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Document Max. Freq Min. Freq
Frederick H. Dyer, Compendium of the War of the Rebellion: Regimental Histories 438 438 Browse Search
Harper's Encyclopedia of United States History (ed. Benson Lossing) 57 57 Browse Search
Brigadier-General Ellison Capers, Confederate Military History, a library of Confederate States Military History: Volume 5, South Carolina (ed. Clement Anselm Evans) 14 14 Browse Search
Thomas Wentworth Higginson, Massachusetts in the Army and Navy during the war of 1861-1865, vol. 2 12 12 Browse Search
The Photographic History of The Civil War: in ten volumes, Thousands of Scenes Photographed 1861-65, with Text by many Special Authorities, Volume 10: The Armies and the Leaders. (ed. Francis Trevelyan Miller) 12 12 Browse Search
Southern Historical Society Papers, Volume 27. (ed. Reverend J. William Jones) 11 11 Browse Search
Col. O. M. Roberts, Confederate Military History, a library of Confederate States Military History: Volume 12.1, Alabama (ed. Clement Anselm Evans) 11 11 Browse Search
William Schouler, A history of Massachusetts in the Civil War: Volume 2 10 10 Browse Search
William F. Fox, Lt. Col. U. S. V., Regimental Losses in the American Civil War, 1861-1865: A Treatise on the extent and nature of the mortuary losses in the Union regiments, with full and exhaustive statistics compiled from the official records on file in the state military bureaus and at Washington 9 9 Browse Search
Thomas Wentworth Higginson, Massachusetts in the Army and Navy during the war of 1861-1865, vol. 1, Condensed history of regiments. 6 6 Browse Search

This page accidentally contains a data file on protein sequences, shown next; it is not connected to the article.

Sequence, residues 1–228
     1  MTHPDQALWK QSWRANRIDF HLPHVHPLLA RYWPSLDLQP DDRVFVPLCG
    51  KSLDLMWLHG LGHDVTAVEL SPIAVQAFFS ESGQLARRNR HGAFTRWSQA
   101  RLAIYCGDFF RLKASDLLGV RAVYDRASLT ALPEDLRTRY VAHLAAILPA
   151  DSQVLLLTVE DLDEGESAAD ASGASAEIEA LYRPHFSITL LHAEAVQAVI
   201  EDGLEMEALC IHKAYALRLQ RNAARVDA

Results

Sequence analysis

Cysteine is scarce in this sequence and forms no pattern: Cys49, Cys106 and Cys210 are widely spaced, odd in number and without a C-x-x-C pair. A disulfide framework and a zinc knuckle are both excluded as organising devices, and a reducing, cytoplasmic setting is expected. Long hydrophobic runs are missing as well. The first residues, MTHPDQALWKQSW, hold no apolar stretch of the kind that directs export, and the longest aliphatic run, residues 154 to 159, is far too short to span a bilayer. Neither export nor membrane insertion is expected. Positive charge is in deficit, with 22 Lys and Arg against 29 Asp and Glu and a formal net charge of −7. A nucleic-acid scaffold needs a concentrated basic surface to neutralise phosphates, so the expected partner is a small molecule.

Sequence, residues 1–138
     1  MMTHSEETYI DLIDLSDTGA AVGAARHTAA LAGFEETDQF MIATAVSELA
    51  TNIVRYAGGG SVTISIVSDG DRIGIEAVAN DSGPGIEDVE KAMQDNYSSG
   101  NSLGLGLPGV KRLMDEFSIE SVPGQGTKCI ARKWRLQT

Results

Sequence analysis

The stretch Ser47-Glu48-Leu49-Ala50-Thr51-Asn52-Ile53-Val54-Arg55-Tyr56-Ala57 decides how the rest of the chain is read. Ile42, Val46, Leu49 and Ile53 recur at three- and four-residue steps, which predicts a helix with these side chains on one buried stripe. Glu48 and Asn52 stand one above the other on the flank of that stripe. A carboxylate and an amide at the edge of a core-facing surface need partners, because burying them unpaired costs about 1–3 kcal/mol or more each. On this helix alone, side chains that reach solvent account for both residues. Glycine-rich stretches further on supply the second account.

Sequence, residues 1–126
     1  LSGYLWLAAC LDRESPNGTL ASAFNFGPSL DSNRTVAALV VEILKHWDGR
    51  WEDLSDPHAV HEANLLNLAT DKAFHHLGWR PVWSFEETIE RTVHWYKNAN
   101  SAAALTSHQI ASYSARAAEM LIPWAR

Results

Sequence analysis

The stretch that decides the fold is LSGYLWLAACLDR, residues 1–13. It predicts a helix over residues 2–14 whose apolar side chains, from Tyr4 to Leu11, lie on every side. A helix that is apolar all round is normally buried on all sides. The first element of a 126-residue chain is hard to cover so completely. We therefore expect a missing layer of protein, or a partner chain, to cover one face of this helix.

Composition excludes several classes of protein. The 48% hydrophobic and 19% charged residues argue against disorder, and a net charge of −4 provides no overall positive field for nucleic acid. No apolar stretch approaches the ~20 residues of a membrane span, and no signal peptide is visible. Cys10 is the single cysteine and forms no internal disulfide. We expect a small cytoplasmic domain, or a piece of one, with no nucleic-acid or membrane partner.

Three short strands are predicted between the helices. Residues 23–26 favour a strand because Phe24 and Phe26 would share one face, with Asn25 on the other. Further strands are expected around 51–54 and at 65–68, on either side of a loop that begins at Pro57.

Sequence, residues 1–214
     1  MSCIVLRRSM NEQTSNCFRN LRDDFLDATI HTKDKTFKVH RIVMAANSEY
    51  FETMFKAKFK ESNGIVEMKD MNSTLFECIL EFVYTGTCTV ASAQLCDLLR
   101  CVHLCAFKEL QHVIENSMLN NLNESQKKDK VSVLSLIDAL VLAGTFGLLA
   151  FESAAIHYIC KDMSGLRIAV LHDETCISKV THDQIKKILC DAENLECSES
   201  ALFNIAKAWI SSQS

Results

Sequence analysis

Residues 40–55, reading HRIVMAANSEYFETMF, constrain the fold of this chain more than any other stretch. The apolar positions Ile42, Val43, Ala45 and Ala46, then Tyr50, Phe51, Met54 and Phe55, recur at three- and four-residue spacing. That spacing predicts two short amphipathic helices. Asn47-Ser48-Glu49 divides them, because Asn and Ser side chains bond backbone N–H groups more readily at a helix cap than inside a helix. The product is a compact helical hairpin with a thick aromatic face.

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Browsing named entities in Matthew Arnold, Civilization in the United States: First and Last Impressions of America.. You can also browse the collection for March, 1865 AD or search for March, 1865 AD in all documents.

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nd passed. Lee's army was safe in its lines, and Richmond had not yet fallen; but the Confederates' resources were failing, their foes gathering, and the end came visibly near. After sweeping Georgia and taking Savannah in December, Sherman turned north and swept the Carolinas, ready to join with Grant in moving upon Lee in the spring. Sheridan made himself master of the Shenandoah Valley, and closed to the Confederates that great source of supply. Finally Grant, resuming operations in March 1865, possessed himself of the outer works of Petersburg, and of the railroad by which the place was supplied from the southwest, and on the 3rd of April Petersburg was evacuated. Then Grant proceeded to possess himself of the railroad by which Lee's army and Richmond itself now drew their supplies. Lee had already informed his government that he could hold out no longer. The Confederate President was at church when the despatch arrived, the congregation were told that there would be no even